December 7, 2000

Do we really need the Java Community Process?

Author: JT Smith

- By Dan Berkes -

Sun wants you to like Java. They want you to really, really like Java. Maybe they even want you to just love Java to death. In view of the recent flurry of activity and publicity surrounding the protocol, the question remains: Is Java Open Source or not?
The answer from Sun has been a somewhat confusing, "Sort of."

The response from the Open Source community has been a resounding, "Not even close."

In an effort to make Java more appealing to the Open Source crowd, the company has created something called the Java Community Process (JCP), a way to formally recognize the worldwide Java developer community's contributions to making Java better.

Getting involved with the Java Community Process carries a price tag -- anywhere from $2,000 for non-commercial or educational institutions and all the way up to $5,000 for corporations, also known as fee-bearing licensees.

Critics charge the high cost of joining the JCP has locked many smaller developers out of the process. Sun responded by creating a "personal title" individual membership to the JCP for $100, and other mechanisms for sponsoring companies that can't afford the higher fees are in place.

The process starts when a participant submits a Java Specification Request (JSR), a white paper describing the proposed specifications for a new Java API or changes to be made to an existing API. The JSR is then subject to a review process with no fewer than thirteen steps before it can make it from concept to public release, and there are a few trapdoors included in the process that could scuttle a proposal at any time.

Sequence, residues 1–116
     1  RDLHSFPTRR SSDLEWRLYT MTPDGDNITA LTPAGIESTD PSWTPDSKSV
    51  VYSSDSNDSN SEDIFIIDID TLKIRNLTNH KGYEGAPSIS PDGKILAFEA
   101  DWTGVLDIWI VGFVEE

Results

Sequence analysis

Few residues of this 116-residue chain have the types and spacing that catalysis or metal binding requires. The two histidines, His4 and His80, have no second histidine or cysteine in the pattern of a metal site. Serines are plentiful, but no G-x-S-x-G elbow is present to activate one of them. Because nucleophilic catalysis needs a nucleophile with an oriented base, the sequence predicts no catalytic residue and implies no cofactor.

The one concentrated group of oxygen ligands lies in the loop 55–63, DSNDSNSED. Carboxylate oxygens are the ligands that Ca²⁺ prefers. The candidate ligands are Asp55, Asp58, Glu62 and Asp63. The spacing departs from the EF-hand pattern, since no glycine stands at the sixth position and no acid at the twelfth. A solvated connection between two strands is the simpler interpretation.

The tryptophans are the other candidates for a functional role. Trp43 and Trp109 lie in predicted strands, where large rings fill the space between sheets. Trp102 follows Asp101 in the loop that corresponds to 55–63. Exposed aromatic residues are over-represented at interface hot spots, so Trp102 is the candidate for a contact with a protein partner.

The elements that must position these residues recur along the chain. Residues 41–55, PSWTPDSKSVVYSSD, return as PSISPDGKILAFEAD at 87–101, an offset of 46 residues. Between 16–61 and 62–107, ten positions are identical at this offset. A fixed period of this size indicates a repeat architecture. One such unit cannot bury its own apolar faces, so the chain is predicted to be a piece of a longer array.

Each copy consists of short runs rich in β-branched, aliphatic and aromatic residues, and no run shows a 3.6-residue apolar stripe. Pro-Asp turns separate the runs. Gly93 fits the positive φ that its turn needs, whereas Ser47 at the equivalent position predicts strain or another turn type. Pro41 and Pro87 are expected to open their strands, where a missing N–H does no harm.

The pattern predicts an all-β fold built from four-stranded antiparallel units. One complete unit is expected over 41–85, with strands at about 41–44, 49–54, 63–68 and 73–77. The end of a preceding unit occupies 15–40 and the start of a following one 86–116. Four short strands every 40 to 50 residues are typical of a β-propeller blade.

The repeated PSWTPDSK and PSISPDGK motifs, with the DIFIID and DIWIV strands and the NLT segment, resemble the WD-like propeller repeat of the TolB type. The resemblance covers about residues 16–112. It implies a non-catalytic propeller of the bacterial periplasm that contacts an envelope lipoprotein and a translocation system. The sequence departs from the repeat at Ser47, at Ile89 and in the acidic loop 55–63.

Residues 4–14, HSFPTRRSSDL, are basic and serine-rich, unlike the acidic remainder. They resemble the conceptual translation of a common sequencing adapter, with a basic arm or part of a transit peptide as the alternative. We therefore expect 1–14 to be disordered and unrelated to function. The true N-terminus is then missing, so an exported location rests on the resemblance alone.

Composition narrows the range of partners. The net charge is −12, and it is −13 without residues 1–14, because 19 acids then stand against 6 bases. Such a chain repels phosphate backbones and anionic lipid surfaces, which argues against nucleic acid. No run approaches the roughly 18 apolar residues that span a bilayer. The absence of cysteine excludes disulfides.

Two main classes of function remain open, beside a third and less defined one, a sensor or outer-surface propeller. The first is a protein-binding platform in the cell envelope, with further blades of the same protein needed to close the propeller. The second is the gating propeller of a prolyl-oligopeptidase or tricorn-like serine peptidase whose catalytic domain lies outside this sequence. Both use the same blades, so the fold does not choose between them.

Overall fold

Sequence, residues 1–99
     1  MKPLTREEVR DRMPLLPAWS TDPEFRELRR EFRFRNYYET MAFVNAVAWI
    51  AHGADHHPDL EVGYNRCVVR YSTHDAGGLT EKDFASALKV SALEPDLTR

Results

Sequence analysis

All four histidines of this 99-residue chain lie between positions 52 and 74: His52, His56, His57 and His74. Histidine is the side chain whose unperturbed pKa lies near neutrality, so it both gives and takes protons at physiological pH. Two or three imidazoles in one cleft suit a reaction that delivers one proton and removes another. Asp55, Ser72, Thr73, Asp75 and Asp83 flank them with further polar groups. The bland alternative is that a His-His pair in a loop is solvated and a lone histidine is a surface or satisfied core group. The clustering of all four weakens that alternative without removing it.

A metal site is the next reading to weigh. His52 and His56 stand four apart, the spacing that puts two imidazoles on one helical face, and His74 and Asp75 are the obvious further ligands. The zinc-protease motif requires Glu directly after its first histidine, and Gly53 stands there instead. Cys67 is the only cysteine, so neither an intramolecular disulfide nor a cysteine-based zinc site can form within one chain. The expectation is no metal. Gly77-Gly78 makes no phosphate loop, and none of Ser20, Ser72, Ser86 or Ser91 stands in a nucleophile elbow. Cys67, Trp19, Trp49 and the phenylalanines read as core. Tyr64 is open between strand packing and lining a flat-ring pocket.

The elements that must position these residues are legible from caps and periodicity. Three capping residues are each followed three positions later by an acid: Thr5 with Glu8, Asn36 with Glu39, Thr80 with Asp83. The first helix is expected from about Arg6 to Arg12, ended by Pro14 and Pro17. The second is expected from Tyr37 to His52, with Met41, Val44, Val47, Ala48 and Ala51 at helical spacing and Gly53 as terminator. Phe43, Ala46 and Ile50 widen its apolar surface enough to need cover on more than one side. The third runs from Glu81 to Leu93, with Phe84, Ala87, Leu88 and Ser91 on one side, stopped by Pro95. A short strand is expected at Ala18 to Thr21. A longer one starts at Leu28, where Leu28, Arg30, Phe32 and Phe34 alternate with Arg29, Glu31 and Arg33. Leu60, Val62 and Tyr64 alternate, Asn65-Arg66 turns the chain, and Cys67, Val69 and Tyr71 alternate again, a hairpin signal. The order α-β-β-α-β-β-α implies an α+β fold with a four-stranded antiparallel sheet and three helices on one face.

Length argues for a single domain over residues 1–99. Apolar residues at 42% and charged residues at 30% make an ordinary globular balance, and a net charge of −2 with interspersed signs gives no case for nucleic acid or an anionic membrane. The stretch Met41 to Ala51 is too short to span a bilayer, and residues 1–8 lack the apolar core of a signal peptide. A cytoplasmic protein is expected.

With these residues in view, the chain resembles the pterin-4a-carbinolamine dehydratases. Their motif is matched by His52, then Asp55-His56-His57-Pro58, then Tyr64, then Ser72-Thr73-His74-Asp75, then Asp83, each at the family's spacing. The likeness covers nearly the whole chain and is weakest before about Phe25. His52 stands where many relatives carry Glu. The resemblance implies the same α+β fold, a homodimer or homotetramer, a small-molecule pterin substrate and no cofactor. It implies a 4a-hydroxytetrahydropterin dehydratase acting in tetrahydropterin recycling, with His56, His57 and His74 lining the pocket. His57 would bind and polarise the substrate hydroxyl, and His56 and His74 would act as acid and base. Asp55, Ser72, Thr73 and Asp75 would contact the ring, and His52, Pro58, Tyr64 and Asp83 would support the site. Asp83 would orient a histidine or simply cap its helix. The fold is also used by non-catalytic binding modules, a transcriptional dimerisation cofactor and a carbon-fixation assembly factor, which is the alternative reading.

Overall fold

Sun's Process Management Office (PMO) might veto a proposal if it doesn't feel that all pertinent information has been included in the JSR, or if the request conflicts with an existing specification or a JSR that's farther along in the JCP pipeline. Or the company could veto the proposal just because it wants to; there is no appeal or independent review of Sun's decision on the matter.

Sun insists that the process isn't about control, but compatibility - and insist they're doing nothing new or controversial here. "This is simply a formalization of the process that has been used since the inception of Java in 1995 to work with our partners on technology specifications," said Onno Kluyt, manager of Sun's Program Management Office.

If the JSR gets the PMO's stamp of approval, the next step is community review. In Sun's definition of "Community" it means that JCP members get to read and comment on the proposal. Again, the life of the JSR is in peril at this point -- after 10 to 30 days of participant commentary, the PMO will then accept or reject the proposal.

If the JCP makes it through the second ring of fire, the general public is invited to read - but not comment - on the proposal.

The next step is a Call For Experts (CAFÃ - hey look, cute Java symbolism at work) to community participants. Any company involved with the Java Community Process can select one of its employees - freelancers need not apply - to work on the specification outlined in the JSR.